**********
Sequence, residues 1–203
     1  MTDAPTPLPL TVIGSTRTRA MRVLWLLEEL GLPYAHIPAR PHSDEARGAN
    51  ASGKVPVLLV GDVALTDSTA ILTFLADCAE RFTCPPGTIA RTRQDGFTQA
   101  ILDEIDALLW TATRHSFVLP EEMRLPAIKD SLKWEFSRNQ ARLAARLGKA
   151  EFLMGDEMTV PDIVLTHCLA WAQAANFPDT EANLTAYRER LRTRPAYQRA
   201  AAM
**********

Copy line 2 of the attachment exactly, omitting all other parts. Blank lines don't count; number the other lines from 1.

     1  MTDAPTPLPL TVIGSTRTRA MRVLWLLEEL GLPYAHIPAR PHSDEARGAN